London - Golfing greats Tom Watson and Nick Faldo are both set to make their final British Open appearance at this year's edition of the sport's oldest major at St Andrews, it was announced on Monday.
Watson, a five-time British Open champion who came within a whisker of winning a sixth title at the age of 59 in 2009 before losing a play-off at Turnberry, has been granted a special exemption from organisers the Royal and Ancient to play in this year's edition of a tournament first staged in 1860.
The American's appearance at the 'home of golf' in July come 40 years after he won his first British Open title at Carnoustie, another Scottish course.
For Faldo, Britain's most successful golfer with six major titles to his name, the 2015 British Open also signals an anniversary as it will be 25 years since he won the second of his three Open titles on the celebrated Old Course at St Andrews, the R&A's base.
The Englishman also lifted the Claret Jug when the British Open was played at Muirfield, near Edinburgh, in 1987 and 1992.
Faldo, whose 58th birthday falls on the Saturday of this year's Championship in July, said he was looking forward to crossing St Andrews' famed Swilcan Bridge once again and celebrating his career in golf.
"The Open and St Andrews will forever hold a significant place in my heart," he explained on Monday.
"My fondest moments on my journey with this great sport are woven with pictures and emotions in this setting. It all means a huge amount to me.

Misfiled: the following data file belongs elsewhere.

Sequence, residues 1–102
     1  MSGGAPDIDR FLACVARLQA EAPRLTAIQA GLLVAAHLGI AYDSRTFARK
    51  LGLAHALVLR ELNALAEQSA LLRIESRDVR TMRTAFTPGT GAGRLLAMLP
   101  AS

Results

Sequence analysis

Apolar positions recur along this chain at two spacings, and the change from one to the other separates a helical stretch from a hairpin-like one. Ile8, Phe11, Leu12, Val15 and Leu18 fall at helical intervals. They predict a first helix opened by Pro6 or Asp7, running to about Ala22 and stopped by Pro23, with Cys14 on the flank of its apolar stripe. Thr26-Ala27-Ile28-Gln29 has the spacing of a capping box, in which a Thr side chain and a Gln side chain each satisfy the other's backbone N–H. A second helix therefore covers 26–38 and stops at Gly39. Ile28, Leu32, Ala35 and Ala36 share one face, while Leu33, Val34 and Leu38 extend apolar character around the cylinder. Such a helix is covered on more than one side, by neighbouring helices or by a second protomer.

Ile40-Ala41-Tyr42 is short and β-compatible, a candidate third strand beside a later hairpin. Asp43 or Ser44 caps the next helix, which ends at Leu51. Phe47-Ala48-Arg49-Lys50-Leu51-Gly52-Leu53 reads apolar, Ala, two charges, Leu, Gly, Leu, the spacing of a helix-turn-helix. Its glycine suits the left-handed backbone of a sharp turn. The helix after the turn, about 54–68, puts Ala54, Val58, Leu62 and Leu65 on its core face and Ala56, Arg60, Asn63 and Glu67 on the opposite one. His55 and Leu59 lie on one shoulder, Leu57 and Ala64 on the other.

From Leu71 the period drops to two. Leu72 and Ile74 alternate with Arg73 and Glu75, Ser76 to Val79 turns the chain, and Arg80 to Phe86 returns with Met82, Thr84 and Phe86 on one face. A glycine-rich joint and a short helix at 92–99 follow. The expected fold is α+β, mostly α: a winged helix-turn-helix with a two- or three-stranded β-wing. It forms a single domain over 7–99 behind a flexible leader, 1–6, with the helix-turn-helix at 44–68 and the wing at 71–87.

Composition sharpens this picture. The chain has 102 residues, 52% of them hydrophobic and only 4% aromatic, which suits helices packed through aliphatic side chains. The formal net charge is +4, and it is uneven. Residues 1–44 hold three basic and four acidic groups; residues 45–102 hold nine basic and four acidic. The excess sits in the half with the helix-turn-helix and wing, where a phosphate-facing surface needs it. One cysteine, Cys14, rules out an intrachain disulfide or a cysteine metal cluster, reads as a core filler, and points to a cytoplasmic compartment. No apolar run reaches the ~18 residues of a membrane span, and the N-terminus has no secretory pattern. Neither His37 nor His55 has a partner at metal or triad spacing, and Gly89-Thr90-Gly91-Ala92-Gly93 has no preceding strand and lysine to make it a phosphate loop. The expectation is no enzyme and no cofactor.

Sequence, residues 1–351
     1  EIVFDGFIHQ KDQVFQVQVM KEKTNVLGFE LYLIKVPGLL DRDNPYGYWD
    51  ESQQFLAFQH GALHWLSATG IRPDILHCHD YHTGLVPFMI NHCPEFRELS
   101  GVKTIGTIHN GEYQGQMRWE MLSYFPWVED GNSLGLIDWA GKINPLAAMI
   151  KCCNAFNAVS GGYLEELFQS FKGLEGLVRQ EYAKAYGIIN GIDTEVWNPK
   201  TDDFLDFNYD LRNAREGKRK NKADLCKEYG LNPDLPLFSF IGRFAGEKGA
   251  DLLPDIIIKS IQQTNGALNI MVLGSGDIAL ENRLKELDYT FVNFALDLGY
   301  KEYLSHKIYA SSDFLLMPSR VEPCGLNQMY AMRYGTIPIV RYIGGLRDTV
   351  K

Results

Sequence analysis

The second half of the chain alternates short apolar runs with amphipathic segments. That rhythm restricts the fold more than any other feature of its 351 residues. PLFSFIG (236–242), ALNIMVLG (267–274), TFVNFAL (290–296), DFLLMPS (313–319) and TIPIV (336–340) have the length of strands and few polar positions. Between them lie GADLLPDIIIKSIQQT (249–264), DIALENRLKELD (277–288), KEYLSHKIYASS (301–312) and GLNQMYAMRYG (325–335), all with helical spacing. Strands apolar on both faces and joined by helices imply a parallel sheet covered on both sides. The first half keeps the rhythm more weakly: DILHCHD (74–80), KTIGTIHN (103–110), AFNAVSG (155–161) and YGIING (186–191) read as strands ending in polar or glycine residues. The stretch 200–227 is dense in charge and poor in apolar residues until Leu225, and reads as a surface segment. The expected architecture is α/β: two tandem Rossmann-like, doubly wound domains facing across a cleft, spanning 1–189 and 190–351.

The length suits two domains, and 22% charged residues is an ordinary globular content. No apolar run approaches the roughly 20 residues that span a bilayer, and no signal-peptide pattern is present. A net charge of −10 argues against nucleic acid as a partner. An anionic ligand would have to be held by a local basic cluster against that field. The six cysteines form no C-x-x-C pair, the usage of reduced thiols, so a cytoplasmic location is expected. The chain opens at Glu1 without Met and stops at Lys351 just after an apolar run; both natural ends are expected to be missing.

"I look forward to celebrating all that golf has given me as I cross that storied bridge and the wonderful memories I share with many people. I am grateful for it all and grateful to golf," Faldo, now mainly a television golf analyst rather than an active competitor, said.
R&A chief executive Peter Dawson added: "Sir Nick Faldo is an inspirational figure in British golf and has enjoyed a remarkable career in The Open.
"He has delighted the galleries over many years with his three victories and consistently outstanding performances. I'm sure there will be great anticipation among the galleries at St Andrews to see him play in The Open once again and he will receive a rousing ovation worthy of a great champion."
Eight-times major winner Watson, long highly regarded for his sportsmanship as well as the calibre of his golf, is a hugely popular figure in Scotland and can also be expected to draw huge crowds at St Andrews.
The 65-year-old, the losing US captain against Europe at last year's Ryder Cup at Scotland's Gleneagles course, became the oldest player to break par at the Masters when he shot a one-under 71 in the opening round at Augusta National earlier this month.
Officials have increased spectator viewing areas, with 10 000 fans able to watch from seats on the first, 17th and 18th, with a two-tiered grandstand created.
Meanwhile the grandstand behind the infamous 17th, the Road Hole, will have a capacity of more than 4 000, with a total of 21,000 seats around the entire course.
Johnnie Cole-Hamilton, executive director of championships at the R&A, said: "There is always an incredible atmosphere at The Open and particularly when it is held in St Andrews.
"We want to make sure as many spectators as possible can experience that unique atmosphere and enjoy wonderful views of the play on the opening and closing holes at St Andrews."